Each of us has our own particular financial set-up: a chequing account and credit card with Bank A, savings account with Bank B, and investments at Bank C. In this post I will go through “bank loyalty”, the importance of having our banks work for us, and provide an outline of my personal financial set-up (which I am tweaking).
This section will be short: do not feel indebted to stay with particular banks.
Embrace and leverage competition. Banks (should) compete against each other to gain and retain customers, and some do it better than others.
My Financial Set-up
There is no “one-size-fits-all” solution when it comes to finance. My set-up suits my needs, but almost definitely does not suit another person’s needs. And just putting it out there: I do not have a financial background, but I do like to read up on personal finance.
I have accounts at 3 different banks*, each with a specific purpose:
- Bank A – “Spendings” – where I have only a chequing account and credit card
- Bank B – “Savings” – where my payroll gets directly deposited into, and where I regularly deposit money into a savings account
- Bank C – “Investments” – where my TFSA is invested in different funds and I only touch it to contribute money
Bank A recently doubled the minimum balance to hold in their chequing account to waive a monthly fee. To me, this is not loyalty.
In my personal circumstance and set-up, I’d much rather have my couple of thousand dollars sitting in a chequing account gaining interest than having to make sure there is a minimum amount just to avoid a monthly fee.
(*in this post I will not identify banks)
Over the past couple of years I’ve read that Tangerine’s chequing account gives you (some) interest as well (which Bank A doesn’t do). As well, there is no minimum balance requirement.
The above 2 points alone were enough for me to:
- Open a chequing, credit card, and a savings account with Tangerine
- Transfer the money I have at Bank A to Tangerine for free, using Tangerine’s account link process (I’m currently at this stage)
- Close my chequing account at Bank A, but keep my credit card with them (to not impact my credit score)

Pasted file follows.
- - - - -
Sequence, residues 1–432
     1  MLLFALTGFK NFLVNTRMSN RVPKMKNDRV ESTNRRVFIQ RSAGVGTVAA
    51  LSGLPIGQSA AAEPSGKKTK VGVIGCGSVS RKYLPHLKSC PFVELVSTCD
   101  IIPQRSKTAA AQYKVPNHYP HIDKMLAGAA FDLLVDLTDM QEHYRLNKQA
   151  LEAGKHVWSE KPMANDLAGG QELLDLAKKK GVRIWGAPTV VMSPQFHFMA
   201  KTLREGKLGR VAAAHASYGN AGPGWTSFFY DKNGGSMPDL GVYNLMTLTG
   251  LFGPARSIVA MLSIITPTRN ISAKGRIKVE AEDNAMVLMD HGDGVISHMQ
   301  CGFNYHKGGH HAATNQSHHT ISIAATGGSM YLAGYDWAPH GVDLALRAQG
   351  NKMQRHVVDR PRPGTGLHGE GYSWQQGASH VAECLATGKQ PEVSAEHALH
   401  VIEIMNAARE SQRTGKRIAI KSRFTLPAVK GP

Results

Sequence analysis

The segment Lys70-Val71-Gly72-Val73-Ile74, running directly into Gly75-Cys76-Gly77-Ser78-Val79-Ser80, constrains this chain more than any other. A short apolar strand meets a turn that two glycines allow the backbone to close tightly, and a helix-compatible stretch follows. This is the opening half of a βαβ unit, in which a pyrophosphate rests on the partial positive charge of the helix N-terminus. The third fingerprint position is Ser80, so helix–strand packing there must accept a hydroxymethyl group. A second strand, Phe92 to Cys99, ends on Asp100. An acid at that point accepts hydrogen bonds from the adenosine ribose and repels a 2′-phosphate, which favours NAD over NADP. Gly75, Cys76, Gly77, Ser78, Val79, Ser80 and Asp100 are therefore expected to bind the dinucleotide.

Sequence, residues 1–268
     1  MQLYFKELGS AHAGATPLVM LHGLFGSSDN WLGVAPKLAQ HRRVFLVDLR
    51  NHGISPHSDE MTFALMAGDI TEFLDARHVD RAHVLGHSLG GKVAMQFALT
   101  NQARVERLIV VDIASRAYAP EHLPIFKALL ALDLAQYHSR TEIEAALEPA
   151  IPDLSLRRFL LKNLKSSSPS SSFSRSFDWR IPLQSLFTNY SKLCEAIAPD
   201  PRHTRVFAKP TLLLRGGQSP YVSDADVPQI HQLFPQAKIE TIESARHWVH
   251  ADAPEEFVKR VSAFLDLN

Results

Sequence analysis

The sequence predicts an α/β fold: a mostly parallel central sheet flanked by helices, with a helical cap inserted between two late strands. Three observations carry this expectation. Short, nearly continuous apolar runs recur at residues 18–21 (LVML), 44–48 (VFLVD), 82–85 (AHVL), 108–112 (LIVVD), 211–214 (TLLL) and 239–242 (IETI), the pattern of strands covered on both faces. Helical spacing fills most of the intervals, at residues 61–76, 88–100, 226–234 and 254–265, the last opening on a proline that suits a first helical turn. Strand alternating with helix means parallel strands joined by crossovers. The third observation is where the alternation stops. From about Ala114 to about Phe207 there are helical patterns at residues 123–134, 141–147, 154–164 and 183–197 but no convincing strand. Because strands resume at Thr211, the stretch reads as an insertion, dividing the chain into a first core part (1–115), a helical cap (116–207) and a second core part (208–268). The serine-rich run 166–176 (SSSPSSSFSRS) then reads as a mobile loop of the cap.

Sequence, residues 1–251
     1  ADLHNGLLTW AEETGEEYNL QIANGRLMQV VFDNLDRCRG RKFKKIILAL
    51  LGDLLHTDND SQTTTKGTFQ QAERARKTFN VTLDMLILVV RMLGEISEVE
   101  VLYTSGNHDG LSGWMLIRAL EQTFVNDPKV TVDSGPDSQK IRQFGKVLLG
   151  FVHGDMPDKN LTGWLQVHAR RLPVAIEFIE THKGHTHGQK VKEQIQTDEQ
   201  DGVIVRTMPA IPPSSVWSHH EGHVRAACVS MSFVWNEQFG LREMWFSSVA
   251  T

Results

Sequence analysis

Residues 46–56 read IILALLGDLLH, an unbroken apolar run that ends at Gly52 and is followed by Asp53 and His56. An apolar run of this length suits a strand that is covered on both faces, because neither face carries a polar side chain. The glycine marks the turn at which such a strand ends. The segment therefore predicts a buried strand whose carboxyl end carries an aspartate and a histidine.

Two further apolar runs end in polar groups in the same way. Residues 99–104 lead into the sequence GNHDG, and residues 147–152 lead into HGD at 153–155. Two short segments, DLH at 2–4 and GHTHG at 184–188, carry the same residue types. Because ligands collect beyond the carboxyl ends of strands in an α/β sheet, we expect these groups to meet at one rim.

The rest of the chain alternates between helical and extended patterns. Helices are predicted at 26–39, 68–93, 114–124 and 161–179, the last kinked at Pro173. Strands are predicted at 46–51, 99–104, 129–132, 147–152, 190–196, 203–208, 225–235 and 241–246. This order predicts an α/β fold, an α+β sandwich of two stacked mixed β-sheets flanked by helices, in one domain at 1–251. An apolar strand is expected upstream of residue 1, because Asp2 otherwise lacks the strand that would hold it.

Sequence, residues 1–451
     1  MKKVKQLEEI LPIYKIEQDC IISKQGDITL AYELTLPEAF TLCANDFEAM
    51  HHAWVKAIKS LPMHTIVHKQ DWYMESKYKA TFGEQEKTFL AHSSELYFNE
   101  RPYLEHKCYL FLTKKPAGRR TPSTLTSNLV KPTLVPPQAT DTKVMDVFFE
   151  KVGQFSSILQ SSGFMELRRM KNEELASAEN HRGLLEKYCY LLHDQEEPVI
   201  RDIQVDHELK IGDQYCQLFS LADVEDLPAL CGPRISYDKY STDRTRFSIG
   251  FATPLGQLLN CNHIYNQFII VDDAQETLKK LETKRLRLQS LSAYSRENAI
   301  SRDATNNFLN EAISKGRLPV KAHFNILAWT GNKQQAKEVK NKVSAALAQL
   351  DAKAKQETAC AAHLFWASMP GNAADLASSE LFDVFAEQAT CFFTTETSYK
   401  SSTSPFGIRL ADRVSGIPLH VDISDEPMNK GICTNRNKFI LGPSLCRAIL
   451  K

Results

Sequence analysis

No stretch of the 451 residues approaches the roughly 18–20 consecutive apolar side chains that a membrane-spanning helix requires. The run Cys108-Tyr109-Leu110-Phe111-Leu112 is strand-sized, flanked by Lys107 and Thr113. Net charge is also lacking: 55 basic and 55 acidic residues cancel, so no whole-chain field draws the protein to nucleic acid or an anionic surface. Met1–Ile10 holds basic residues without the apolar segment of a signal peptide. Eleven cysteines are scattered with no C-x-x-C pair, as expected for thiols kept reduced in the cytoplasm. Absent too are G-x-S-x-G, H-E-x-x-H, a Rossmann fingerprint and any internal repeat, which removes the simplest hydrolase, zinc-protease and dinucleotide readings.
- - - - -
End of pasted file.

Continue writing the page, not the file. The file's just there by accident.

- Move most of my recurring credit card payments to my new Tangerine credit card
- Leave some small recurring charges on my Bank A credit card so doesn’t become dormant. Pay these small charges off by making bill payments through Tangerine
There are quite a few noteworthy things about Tangerine, such as the ability to use Scotiabank ABMs, their interest/cash-back rates, Canadian Couch Potato-friendly funds, as well as their promotions. You can visit their website for more details, as well as RedFlagDeals for the latest promotions.
Some of the promotions currently available are:
- $25 for signing up for their no-fee cash-back credit card + 4% money-back for the first 3 months (expires June 27, 2016)
- $25 for setting up an ASP of at least $100 for 6 months (details at the bottom of this page)
- $100 for setting up a preauthorized payment/debit (expires May 31, 2016)
- $50 for signing up with an “Orange Key” (aka referral code) and putting at least $100 in your account (expires May 27, 2016; afterwards it’s the regular $25). Whoever’s Orange Key you use will also receive the same bonus amount.
On that note – just putting it out there – my Orange Key is
(you don’t have to use this key; see if your friends have an Orange Key you can use first!)
You can open a new Tangerine account online, after which you need to verify your identity. You can do so by going to a Tangerine store or by going to a Canada Post office.
I chose to go to a nearby Canada Post office. About 5 minutes after I left I received an email that said my Tangerine account was set up. Within 10 minutes of getting home I finished signed up for a new cash-back credit card. To open a savings account, you will need some funds in your account.
Alternative – PC Financial
The one drawback of Tangerine is that they (+ Scotiabank) do not have many ABMs available relative to other banks such as CIBC and TD.
PC Financial is another option where you get interest on your chequing account balance (although to get the same 0.25% rate from Tangerine you must have a chequing account balance of $10,000.01+ with PC Financial; with Tangerine you start from a 0.25% rate).
Some other differences between Tangerine and PC Financial are:
- PC Financial leverages CIBC ABMs; Tangerine uses Scotiabank ABMs (and some retail stores like 7-11)
- PC Financial offers “PC Points” as their form of money-back currency (redeem in the form of groceries); Tangerine offers dollar amounts
- PC Financial offers a number of different no-fee cash-back credit cards; Tangerine offers just one no-fee cash-back credit card
Depending on where you are located and how important it is to be able to have access to an ABM, it would be worth looking into PC Financial.
This blog post is what happens when businesses are not loyal to their customers. I encourage everyone to revisit their financial set-ups, read through their bank’s fees, and to explore what’s out there.
I am waiting for my Bank A chequing account to be linked to my Tangerine account so that I can move all my money and also open a savings account, but I am very excited to add “Bank D – Tangerine” to my financial set-up.
I mentioned credit history above; in life, a good credit history is probably one of the most important things to have. It’s what others refer to to see how trustworthy you are.
Initially I was very tempted to just close my credit card that’s with Bank A, but after reading some posts on /r/PersonalFinanceCanada I quickly realized this would be a bad idea especially because I always pay my credit card charges as soon as they appear in my account.
To re-iterate: take this post with a grain of salt. There is no “one-size-fits-all” solution when it comes to finance.